Our second collaborative code sprint
To deliver our vision of encouraging and supporting a culture of innovation and creative problem solving we have successfully run two code sprints where developers have come together for a day to work on fixes and enhancements for EdWeb. We brought together our expertise and enthusiasm to work on a list of requirements gathered from our publishing community. Why not join the community and get involved? This is part of a very successful collaboration between two teams within Information Services: Applications and UWP and with developers from all around the University.
What happened on the day
Building on the success of our first code sprint back in July 2016 and as part of our commitment in working towards a collaborative development framework 17 developers came together for our second code sprint day. It was a full day starting with coffee and introductions followed by a quick look at all the code sprint candidates for the day. These were mostly small discrete pieces of work that we hoped could be comfortably completed in a day. We then had a complete walk through demonstration to help our new sprinters get up to speed and to remind our veterans on the process.
And then on to the hard work with people grabbing an issue and starting to fix, improve or investigate issues. There is a great feeling of camaraderie and support so no one should feel lost or intimidated. A great comment from the end of the day was someone saying that they learnt so much just listening in to the various conversations around the room.
See how far we’ve come from our first sprint – Our first code sprint in July 2016
Our code sprint aims
Our sprint aims are really to actively collaborate so that we can share knowledge and work together to enhance EdWeb’s features. Part of this is learning how the whole development process works for EdWeb – getting the code, making the changes, quality assurance and testing. All before crossing the final hurdle of submitting code back to the code base. This is a complex and strict process and needs to be so as the website is a key part of the University business and needs to be protected at all times. It’s about working towards a goal of being able to allow approved developers, around the University, access to work with EdWeb outside of project based development.
All the hard work paid off and there was some well deserved clapping and cheering when we committed our code back at the end of the day! A massive thank you to everyone who took part as it would never work without your input on the day.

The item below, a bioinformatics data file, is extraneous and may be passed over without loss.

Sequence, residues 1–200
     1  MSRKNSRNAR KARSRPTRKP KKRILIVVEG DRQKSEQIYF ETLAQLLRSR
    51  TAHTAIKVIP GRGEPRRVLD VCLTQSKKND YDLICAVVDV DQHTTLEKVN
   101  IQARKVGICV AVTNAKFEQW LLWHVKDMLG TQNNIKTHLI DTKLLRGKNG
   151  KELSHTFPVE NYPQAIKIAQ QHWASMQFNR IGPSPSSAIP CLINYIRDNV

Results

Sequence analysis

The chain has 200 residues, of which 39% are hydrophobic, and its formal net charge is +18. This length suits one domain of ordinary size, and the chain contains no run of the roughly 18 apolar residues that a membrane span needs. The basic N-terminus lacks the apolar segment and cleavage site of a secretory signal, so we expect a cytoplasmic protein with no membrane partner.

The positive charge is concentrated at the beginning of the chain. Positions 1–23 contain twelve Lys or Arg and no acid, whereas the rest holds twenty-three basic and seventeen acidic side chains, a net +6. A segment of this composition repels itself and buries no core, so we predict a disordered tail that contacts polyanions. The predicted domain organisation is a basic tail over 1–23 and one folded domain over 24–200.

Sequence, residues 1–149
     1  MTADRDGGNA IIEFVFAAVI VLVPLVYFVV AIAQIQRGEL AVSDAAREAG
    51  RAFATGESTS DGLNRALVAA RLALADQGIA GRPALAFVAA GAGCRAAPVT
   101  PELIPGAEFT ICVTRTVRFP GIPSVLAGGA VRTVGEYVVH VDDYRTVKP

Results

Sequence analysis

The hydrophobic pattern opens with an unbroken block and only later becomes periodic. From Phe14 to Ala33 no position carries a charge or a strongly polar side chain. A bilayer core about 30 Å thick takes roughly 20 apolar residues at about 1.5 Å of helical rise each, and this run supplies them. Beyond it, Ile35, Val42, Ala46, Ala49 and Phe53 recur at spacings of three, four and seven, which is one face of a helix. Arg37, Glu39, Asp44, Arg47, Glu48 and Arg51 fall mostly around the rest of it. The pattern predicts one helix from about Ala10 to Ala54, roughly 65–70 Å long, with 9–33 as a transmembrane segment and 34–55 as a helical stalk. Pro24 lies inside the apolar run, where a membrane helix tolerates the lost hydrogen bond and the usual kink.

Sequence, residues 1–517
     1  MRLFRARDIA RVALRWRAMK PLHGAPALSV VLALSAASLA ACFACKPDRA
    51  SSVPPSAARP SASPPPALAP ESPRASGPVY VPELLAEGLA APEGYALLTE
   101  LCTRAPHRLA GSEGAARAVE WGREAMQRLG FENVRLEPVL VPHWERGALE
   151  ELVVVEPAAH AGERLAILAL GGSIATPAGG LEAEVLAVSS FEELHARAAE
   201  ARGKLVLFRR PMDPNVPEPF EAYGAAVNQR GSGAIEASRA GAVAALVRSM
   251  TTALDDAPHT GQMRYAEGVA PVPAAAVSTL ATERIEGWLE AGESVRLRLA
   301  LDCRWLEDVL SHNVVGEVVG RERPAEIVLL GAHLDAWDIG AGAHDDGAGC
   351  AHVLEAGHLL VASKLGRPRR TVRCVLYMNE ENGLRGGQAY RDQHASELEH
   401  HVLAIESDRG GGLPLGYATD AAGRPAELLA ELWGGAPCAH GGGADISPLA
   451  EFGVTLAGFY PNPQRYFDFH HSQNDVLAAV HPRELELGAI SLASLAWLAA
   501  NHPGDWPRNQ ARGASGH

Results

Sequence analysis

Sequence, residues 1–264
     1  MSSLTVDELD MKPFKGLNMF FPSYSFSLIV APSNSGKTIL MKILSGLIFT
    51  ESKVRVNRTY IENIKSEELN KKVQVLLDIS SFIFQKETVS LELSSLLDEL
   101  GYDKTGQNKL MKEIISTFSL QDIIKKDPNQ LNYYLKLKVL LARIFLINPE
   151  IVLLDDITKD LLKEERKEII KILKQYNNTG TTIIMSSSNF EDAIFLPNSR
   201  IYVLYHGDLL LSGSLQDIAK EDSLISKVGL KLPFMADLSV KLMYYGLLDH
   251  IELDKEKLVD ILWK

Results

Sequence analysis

Highlights of the day
- Continuing the successful collaboration between two teams within Information Services: Applications and UWP.
- 11 issues successfully completed on the day.
- Also investigation started on other issues.
- Knowing that we are now in a position to carry work on out with the code sprint.
- Addition of a new role of ‘Tester’. An essential role and fundamental in helping us complete so much on the day.
- Exploring new ways of getting developers set up with a coding environment quicker using the software Docker.
- The introduction of a point by point code sprint crib sheet.
- Our instant messenger Slack channel for communication before and during the day.
UPDATE JANUARY 2017 – All development results were deployed to EdWeb within less than two months of the code sprint date.
And lessons learned
- The importance of room size, proximity of break out rooms, and number of power sockets.
- We always need more multi-plug extension cables than we think we need.
- Coffee and regular coffee refills are essential and not a luxury.
- The introduction could be shorter to allow people to dive in quicker.
What the future holds
We want these code sprints to help shape the future of EdWeb development within the University. We have so much talent and experience, spread around the University, it would be a waste not to tap into this. We all have so much to learn and this is definitely not about ‘us’ teaching ‘other people’ to do something. We all learn from this process.
In early 2017 we aim to continue the process of finalising the framework and with the UWP tech team trialling the set up by taking on the work of providing social media sharing and visitor rating mechanisms to EdWeb in the first quarter of the year.
Further reading on the collaborative framework
An introduction to the framework: Opening the door to collaboration
Watch a short video from Stratos Filalithis (Head of UWP) about the framework: Collaboration in the EdWeb development community (Part of the post 2016, the year in review)
Join the community and get involved!
The Technical Peer Group (another collaboration between Apps and UWP!) meets regularly to discuss technical issues surrounding the EdWeb centrally managed CMS, the EdWeb distribution, collaboration and sharing of best practise on web development, coding and other technical issues. If you are interested in getting involved please go to the Technical Peer Group page below and follow the instructions to join the mailing list. We very much welcome new members so do please come along.